60-5 Making the Practitioner the Researcher Reflections of Co-Workers.

See more from this Division: ASA Section: Agronomic Production Systems
See more from this Session: Symposium--the Legacy of John Doran: From Soil Quality to Organic Practices
Monday, October 17, 2011: 2:30 PM
Henry Gonzalez Convention Center, Room 213B
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Brian Wienhold, Agroecosystem Management Research Unit, USDA-Agricultural Research Service, Lincoln, NE, Rhae Drijber, Department of Agronomy and Horticulture, University of Nebraska - Lincoln, Lincoln, NE and Gary E. Varvel, Agroecosystem Management Research Unit, USDA-ARS, Lincoln, NE
This presentation will share thoughts from several co-workers who interacted with John Doran on a nearly daily basis during part of his 31 years as a USDA-ARS soil scientist stationed at the University of Nebraska. John conducted pioneering work on changes in soil properties following adoption of no-tillage; use of the water-filled pore space (WFPS) concept to better understand the role of water content on microbially mediated processes such as nitrification, denitrification, and respiration; and electrical conductivity (EC) as a measure to monitor nitrate dynamics in non-saline agronomic soils. John conducted his research with a passion for soils, attention to detail, and an insistence for efficiency and accuracy in data collection. John was an early proponent of the soil quality concept and played a lead role in NCR-59 activities to define soil quality and develop methods for quantifying soil quality. Resulting publications have found their way into the hands of thousands of practitioners around the world. He later developed the soil quality test kit and a hand-held EC probe which became commercially available. These tools were designed to be affordable and readily available to land managers who needed to better understand how practices affected soil function. John was a tireless teacher and mentor. He constantly involved other scientists, faculty, and students in his research and writing. He was also well travelled interacting with scientists around the world “Translating Science into Practice”. For many of us interacting with John affected the way we conduct our research, how we present our results, and how we interact with others in the conduct of our research.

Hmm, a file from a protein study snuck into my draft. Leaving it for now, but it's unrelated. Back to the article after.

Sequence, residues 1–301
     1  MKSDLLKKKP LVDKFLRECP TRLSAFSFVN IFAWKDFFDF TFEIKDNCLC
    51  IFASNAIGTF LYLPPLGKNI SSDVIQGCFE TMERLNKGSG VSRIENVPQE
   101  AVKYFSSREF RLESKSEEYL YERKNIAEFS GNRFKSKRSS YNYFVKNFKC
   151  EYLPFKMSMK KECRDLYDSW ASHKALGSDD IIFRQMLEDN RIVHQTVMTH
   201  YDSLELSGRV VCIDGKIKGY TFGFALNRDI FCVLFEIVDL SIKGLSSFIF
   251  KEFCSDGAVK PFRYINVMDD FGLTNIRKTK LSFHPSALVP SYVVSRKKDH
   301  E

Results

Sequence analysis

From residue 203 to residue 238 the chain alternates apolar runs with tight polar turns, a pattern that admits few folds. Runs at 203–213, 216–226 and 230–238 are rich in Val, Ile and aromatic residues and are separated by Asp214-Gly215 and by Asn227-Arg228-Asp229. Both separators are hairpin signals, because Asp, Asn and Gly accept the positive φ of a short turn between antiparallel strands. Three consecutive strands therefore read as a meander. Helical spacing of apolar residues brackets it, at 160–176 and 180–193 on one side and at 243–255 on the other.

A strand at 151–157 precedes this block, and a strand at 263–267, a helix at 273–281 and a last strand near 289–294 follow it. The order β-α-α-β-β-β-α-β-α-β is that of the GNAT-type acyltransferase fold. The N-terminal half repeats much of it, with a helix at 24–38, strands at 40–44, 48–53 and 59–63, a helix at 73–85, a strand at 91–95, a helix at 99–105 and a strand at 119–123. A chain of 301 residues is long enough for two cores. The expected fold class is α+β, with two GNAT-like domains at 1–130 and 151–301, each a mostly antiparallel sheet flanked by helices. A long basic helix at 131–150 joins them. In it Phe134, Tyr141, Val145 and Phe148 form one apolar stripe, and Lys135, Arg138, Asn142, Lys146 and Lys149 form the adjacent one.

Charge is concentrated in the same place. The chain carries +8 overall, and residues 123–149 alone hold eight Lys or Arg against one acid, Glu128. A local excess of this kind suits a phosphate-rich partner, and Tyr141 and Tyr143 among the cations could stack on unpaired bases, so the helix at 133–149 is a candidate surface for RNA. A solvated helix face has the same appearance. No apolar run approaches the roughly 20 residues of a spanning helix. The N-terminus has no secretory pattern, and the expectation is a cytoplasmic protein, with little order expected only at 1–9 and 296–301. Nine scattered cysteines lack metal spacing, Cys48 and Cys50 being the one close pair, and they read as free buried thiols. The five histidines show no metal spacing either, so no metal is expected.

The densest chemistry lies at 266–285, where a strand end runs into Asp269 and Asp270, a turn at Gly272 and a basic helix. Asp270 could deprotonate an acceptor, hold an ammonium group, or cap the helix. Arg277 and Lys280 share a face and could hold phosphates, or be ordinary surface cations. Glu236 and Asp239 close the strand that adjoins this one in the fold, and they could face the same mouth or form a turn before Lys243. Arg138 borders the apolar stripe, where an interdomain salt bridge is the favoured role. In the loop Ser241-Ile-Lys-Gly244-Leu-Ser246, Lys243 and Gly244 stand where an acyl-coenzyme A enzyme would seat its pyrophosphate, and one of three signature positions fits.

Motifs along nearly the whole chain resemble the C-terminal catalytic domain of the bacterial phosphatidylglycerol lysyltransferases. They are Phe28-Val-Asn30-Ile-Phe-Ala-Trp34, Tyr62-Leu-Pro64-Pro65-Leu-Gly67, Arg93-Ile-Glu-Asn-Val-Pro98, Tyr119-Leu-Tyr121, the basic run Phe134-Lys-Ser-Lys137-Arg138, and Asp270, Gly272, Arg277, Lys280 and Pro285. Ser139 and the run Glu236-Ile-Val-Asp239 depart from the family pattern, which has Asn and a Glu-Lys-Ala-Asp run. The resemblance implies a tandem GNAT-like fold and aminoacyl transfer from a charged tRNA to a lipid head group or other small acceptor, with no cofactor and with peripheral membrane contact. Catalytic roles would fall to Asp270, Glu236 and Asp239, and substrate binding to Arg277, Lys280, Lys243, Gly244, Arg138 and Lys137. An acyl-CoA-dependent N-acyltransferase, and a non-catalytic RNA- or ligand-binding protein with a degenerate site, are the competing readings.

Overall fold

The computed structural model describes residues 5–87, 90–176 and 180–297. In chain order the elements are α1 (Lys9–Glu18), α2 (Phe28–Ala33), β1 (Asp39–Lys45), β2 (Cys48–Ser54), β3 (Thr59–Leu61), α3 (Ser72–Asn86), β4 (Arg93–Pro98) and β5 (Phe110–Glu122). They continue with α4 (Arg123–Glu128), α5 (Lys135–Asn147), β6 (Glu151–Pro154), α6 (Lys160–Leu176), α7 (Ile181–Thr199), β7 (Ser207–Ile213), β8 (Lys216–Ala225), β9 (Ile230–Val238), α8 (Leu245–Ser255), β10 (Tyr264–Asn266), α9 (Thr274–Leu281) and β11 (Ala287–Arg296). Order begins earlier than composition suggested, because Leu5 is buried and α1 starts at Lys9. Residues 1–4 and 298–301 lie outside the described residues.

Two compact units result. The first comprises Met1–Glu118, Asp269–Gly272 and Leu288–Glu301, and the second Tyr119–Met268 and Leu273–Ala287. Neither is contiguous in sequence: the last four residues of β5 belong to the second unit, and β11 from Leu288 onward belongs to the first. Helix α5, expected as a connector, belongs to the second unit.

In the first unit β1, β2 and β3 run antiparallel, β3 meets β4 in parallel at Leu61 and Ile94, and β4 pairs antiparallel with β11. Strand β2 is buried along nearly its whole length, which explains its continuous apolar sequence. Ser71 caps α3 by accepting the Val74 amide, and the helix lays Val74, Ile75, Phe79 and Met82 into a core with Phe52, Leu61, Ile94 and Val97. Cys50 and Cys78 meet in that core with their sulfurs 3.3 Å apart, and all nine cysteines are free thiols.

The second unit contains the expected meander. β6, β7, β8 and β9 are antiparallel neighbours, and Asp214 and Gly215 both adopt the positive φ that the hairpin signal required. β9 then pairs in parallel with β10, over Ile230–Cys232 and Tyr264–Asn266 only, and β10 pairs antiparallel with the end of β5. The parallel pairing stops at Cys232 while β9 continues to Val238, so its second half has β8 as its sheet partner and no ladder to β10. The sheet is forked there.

See more from this Division: ASA Section: Agronomic Production Systems
See more from this Session: Symposium--the Legacy of John Doran: From Soil Quality to Organic Practices